Born: April 19 Primary Instrument: Guitar
Born in Manhattan, raised in San Francisco & Geneva, Switzerland, Piers is based in New York City where he records, performs and teaches guitar. He combines a soulful approach, precise technique, and a clean old-school tone with the upmost respect for the geniuses of Modern Jazz and a deep love of the Blues.
After studying Guitar and Composition at the Conservatoire de Musique in Lausanne Switzerland, he returned to New York to join the Jazz-Mobile Orchestra Big Band and continue his studies with jazz guitarists Barry Galbraith and Ted Dunbar. With the encouragement of session guitarist Ritchie Resnikoff, he joined the orchestras of several Broadway shows including Guys and Dolls, Dancin', Hubie, and Your Arms Too Short to Box With God....
Guitarist Piers Lawrence realizes his dream of recording a mainstream jazz album through a well- balanced mix of originals and standards. Lawrence is a confident player with an ear for melody and flowing harmonies. He has a graceful quality that gets into the songs whether he is out swinging or embracing bop.
Lawrence also comes off as a pretty skilled writer through his three contributions to the set. Samba Christina is, naturally, a samba. The guitarist feeds the tune with thick notes, deliberately letting open air in and then snapping on the notes to give them a solid depth. His sense of dynamics and proportion comes to the fore in his run of notes, a skein taken up by Chuk Fowler whose piano rides a trail of breezy phrases.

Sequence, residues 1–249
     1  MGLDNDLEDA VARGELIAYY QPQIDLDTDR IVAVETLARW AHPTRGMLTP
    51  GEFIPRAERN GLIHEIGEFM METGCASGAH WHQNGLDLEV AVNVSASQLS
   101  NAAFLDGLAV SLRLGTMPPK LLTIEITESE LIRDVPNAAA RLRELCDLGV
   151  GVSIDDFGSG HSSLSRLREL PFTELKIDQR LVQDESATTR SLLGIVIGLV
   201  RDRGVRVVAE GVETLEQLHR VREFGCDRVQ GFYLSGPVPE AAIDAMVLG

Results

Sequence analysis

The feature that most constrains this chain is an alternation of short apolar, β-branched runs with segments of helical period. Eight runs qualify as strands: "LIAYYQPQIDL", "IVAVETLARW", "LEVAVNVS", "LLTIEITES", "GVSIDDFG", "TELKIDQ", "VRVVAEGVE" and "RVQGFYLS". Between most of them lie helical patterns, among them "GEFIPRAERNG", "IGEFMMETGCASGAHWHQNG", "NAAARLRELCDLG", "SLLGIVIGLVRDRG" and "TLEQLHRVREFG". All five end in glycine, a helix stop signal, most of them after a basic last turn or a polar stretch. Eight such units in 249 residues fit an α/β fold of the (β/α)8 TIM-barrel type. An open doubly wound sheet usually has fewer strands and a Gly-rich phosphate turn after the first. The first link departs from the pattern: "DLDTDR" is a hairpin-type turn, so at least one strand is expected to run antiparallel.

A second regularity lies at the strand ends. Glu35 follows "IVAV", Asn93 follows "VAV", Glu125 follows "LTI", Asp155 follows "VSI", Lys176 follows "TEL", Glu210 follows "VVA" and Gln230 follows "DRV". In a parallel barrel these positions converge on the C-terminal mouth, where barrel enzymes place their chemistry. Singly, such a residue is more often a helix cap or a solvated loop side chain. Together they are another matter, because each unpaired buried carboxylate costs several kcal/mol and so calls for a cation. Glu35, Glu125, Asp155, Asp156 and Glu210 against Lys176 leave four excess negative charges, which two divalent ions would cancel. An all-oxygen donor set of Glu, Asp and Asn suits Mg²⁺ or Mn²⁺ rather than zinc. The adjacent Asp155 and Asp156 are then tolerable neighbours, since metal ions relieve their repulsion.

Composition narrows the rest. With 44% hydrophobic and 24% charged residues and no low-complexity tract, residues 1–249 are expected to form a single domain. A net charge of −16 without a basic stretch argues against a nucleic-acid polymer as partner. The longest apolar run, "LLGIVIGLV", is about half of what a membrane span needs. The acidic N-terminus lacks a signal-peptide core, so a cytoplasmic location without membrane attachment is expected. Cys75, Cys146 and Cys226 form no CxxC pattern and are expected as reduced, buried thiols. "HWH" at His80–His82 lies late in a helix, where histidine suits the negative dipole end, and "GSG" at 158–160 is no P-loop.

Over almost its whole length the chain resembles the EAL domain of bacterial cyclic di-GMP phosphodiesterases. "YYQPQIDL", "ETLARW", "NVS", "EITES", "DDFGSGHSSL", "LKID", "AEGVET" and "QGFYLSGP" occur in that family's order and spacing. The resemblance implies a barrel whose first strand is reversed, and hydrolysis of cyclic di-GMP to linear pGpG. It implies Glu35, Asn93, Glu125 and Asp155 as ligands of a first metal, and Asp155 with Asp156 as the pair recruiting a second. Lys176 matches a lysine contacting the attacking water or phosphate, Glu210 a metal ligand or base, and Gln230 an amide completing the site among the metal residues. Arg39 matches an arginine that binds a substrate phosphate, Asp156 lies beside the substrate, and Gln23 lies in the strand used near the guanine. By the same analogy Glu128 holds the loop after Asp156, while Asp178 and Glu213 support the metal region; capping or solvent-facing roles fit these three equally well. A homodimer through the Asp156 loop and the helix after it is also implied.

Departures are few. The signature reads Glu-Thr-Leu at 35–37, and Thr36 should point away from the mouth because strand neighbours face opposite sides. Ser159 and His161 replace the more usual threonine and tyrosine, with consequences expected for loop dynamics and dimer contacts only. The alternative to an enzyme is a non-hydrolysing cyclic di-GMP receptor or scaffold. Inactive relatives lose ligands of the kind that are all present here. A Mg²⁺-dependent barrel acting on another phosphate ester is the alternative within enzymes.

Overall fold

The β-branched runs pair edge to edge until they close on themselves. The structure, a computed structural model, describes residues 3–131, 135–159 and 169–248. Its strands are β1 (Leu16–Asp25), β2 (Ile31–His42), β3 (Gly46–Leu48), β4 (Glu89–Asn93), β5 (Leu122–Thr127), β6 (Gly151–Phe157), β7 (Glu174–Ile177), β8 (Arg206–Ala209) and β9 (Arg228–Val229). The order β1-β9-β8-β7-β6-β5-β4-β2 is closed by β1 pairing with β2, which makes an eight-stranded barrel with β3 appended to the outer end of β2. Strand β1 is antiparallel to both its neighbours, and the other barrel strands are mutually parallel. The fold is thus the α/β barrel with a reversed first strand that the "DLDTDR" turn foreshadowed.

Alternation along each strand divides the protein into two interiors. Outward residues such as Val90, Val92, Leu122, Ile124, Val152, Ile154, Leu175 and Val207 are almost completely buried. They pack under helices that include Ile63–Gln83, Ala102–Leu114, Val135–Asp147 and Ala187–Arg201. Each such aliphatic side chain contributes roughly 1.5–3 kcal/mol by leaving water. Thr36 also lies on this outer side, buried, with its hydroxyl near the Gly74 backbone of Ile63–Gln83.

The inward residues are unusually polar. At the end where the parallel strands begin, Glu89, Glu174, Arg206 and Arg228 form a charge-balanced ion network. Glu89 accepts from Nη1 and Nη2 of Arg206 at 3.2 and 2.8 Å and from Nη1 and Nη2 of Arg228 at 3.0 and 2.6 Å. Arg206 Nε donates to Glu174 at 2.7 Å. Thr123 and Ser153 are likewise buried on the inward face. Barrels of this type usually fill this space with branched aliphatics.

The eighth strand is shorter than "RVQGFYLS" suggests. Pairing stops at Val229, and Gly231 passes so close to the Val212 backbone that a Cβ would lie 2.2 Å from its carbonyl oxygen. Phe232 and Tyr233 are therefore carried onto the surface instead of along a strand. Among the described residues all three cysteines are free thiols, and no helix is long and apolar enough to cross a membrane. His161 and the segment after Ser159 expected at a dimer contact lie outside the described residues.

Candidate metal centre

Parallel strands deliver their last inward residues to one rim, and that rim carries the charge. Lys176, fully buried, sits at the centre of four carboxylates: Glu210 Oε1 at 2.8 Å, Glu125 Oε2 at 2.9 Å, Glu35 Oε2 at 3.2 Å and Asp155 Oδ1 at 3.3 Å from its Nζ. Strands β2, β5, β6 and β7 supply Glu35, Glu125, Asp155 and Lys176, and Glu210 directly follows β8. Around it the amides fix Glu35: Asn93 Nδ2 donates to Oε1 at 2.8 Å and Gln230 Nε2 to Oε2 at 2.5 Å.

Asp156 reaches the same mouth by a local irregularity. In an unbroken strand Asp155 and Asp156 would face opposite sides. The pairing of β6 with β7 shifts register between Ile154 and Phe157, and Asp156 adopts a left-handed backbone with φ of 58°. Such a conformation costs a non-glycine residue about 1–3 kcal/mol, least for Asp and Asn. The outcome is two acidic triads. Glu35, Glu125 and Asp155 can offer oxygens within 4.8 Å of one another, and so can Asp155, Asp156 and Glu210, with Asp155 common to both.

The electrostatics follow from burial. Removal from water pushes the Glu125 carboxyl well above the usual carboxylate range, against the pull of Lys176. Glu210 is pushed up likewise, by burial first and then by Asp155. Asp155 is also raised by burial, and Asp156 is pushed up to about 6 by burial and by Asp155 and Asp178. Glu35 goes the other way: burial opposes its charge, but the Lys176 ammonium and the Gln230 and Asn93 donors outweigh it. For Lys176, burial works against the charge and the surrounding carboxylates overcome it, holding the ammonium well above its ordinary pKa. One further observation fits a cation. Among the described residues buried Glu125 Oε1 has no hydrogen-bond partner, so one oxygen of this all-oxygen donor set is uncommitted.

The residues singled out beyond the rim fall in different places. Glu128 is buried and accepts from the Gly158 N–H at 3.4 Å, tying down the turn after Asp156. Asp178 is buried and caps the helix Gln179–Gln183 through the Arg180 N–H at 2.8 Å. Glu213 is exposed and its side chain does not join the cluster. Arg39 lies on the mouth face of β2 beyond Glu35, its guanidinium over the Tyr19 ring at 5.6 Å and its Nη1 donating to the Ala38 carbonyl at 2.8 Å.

Everytime, another Lawrence composition, is a ballad. Jim Hankins is recorded heavy on bass, a trait seen on other tracks but Lawrence soothes. He lets the beckoning melody unravel and soak in, then bites down, laying a harder line that ups the emotional factor.
The band does well in its interpretation of standards. Lawrence bops out on Charlie Parker's Donna Lee, the rhythm section providing sound support, with Sir Earl Grice setting a lithe snap on the drums. Lawrence and Fowler continue to be emissaries, one following the other, playing with zest and feel. The two also spark each other and come off as energetic musical cohorts on Secret Love.
With a band that is in empathy with his aspirations and the music, Lawrence serves up enjoyable music.
Visit Piers Lawrence Quartet on the web www.pierslawrence.com Piers Lawrence Quartet at All About Jazz http://www.allaboutjazz.com/php/musician.php?id=15891
02.17.08 | All About Jazz - LA By Paula Edelstein
Stolen Moments features the exceptional musciality of guitarist Piers Lawrece, bassist Jim Hankins, Sir Earl Grice on drums and Chuk Fowler on piano. Lawrence's soulful, melodic guitar playing and prolific songwriting makes this CD a masterful offering for anyone into straight-ahead jazz.
While many of Lawrence's fans know him from his association with such hit Broadway musicals as Guys and Dolls, Hubie, Dancin' and Your Arms Too Short To Box With God, his presence in the jazz galazy includes his ownership of JazzNet Media and his production of the Internet radio show called Manhattan Jazz.